Q & A with Editor Anne Hoppe about Ivan: The Remarkable True Story of the Shopping Mall Gorilla
Q: You and Katherine Applegate have collaborated before. Was your experience editing Ivan: The Remarkable True Story of the Shopping Mall Gorilla at all different?
Katherine and I have made eight books together previously—THE ONE AND ONLY IVAN and the Roscoe Riley Rules chapter books. By now we’re pretty comfortable trying out ideas on each other and pushing one another to live up to our own high standards. Katherine’s writing is so carefully nuanced that we’re already accustomed to weighing each word—in that respect, creating a picture book text felt like a natural extension of our work together.
Q: How did you and Katherine come up with the concept to do a non-fiction picture book about Ivan the Shopping Mall Gorilla?
I’ve been lucky enough to visit classrooms with Katherine, so we have both seen how eager kids are to know about the real Ivan. When THE ONE AND ONLY IVAN won the Newbery, we knew the book would live forever—and that meant a lot of readers were going to want to know the facts of Ivan’s life. At the same time, we saw how entire schools get excited about Ivan, across different grades and age groups, and we realized that presenting the facts in a picture book is an ideal way to include the youngest kids in discussions about this wonderful individual.
Q: G. Brian Karas’s evocative artwork is the perfect fit for this book. Can you describe the process of pairing author and illustrator?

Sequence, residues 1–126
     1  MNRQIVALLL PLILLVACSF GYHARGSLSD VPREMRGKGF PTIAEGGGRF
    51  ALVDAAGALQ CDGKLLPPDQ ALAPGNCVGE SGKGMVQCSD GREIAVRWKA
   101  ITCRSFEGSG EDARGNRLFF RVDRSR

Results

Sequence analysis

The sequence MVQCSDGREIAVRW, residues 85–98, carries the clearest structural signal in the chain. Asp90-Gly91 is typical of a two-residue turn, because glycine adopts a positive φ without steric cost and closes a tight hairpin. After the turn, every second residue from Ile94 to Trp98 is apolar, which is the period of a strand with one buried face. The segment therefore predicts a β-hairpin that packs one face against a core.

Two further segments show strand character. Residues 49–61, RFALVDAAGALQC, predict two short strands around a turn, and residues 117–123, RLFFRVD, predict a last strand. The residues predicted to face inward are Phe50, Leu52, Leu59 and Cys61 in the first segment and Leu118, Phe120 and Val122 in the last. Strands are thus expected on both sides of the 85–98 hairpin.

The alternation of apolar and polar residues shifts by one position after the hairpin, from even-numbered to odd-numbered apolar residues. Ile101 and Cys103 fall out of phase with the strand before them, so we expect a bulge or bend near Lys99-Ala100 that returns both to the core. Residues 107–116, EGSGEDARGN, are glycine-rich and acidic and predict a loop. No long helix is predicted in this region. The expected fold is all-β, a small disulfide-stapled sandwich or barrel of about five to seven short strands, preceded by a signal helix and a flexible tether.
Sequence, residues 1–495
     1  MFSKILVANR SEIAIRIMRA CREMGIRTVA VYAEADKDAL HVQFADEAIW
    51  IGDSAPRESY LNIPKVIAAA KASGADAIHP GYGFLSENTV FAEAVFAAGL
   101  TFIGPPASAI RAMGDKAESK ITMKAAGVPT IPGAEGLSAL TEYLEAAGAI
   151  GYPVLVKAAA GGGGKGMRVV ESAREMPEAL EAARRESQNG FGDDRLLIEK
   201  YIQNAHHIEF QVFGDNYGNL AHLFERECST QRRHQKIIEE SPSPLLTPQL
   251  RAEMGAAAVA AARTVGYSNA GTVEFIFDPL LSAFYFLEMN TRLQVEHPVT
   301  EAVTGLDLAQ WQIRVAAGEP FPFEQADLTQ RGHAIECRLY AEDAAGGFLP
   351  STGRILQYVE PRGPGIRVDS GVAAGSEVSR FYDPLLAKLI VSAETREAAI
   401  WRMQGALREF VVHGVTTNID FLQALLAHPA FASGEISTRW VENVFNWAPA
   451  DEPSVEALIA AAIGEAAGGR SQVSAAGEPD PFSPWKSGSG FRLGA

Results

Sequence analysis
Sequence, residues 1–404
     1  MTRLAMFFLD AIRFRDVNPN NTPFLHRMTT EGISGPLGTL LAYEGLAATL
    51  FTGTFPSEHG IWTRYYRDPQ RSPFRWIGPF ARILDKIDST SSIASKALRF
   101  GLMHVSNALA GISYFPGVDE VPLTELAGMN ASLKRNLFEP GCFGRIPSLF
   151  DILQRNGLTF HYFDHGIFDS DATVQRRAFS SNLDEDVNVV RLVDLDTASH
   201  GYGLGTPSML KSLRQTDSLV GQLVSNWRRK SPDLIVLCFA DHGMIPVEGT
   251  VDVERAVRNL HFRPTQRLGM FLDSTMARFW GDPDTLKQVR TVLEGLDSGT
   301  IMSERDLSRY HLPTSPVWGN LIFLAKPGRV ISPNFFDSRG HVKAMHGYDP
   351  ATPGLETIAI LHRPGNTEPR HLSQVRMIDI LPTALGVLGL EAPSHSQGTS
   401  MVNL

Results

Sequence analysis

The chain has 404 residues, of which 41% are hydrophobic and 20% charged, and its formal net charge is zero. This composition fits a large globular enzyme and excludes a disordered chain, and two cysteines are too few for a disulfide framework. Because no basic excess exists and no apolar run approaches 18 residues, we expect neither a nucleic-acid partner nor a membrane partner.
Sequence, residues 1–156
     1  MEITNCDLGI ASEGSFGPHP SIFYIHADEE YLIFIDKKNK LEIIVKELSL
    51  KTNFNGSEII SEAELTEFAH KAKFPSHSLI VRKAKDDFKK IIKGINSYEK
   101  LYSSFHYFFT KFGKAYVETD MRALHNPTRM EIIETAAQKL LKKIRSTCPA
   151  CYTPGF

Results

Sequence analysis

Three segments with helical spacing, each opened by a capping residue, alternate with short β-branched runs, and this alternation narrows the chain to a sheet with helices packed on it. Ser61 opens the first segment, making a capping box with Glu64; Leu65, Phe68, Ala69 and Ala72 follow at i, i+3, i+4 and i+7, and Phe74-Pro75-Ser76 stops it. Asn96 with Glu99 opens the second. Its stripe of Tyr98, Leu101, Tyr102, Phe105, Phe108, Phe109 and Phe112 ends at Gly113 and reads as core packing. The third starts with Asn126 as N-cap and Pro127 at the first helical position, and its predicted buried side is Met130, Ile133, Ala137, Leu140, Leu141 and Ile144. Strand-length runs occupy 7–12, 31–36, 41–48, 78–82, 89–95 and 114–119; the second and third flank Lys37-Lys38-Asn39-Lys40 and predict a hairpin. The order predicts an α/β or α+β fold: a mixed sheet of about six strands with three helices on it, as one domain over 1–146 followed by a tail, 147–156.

We knew it would be crucial to find an artist who could convey both the sad and hopeful aspects of Ivan’s story—and that it was imperative that the art be tender and emotionally honest, never saccharine or manipulative. Brian illustrated the first picture book I ever worked on, and a piece of art from it has hung on my various office walls for nearly twenty years. The piece features a boy seen through a window, and it radiates quiet emotion: I took a photograph of that piece and sent it to Katherine. She wrote back in immediate agreement that Brian was absolutely our first choice artist for this book—and we were lucky enough to find that he agreed with us!
Q: What was your reaction the first time you encountered the manuscript and the art?
My reaction to the book is the same every time: the art and text together weave such a strong spell. Seeing them work together, drawing power from one another, makes me quiet—the world falls away, and I enter the story with my heart and soul, emerging from it moved and changed each time. I’ve said before that a good picture book is nothing short of magic. I am in awe of the magic that Katherine and Brian have created together.
Q: What do you hope readers take away from Ivan: The Remarkable True Story of the Shopping Mall Gorilla?
Respect. Respect for Ivan, for our fellow primates, for animals—domesticated or wild. And respect for people; we humans are capable of doing the wrong thing (poaching animals, treating them as objects for our entertainment), but sometimes we learn, and when we learn that we have erred, we are capable of taking the next step and attempting restitution. That’s a big notion for a reader of any age to understand and embrace.
Anne Hoppe, Senior Executive Editor at Clarion Books, has edited children’s books for twenty years. In addition to Katherine Applegate’s Newbery Medal-winning THE ONE AND ONLY IVAN, she edited the Printz Honor books NATION and DODGER by Sir Terry Pratchett, Marc Simont’s Caldecott Honor-winning THE STRAY DOG, and the bestselling picture book WHEN I GROW UP, by Al Yankovic.
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